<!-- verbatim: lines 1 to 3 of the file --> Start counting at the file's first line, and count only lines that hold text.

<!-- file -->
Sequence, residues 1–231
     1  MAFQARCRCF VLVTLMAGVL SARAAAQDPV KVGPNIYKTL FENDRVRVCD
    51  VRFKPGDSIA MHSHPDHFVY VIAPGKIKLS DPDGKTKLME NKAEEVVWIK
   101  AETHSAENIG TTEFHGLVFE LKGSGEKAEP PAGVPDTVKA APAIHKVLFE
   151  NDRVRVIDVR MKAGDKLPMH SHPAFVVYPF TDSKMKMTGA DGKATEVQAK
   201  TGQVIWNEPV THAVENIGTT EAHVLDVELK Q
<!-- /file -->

Sequence, residues 1–231
     1  MAFQARCRCF VLVTLMAGVL SARAAAQDPV KVGPNIYKTL FENDRVRVCD
    51  VRFKPGDSIA MHSHPDHFVY VIAPGKIKLS DPDGKTKLME NKAEEVVWIK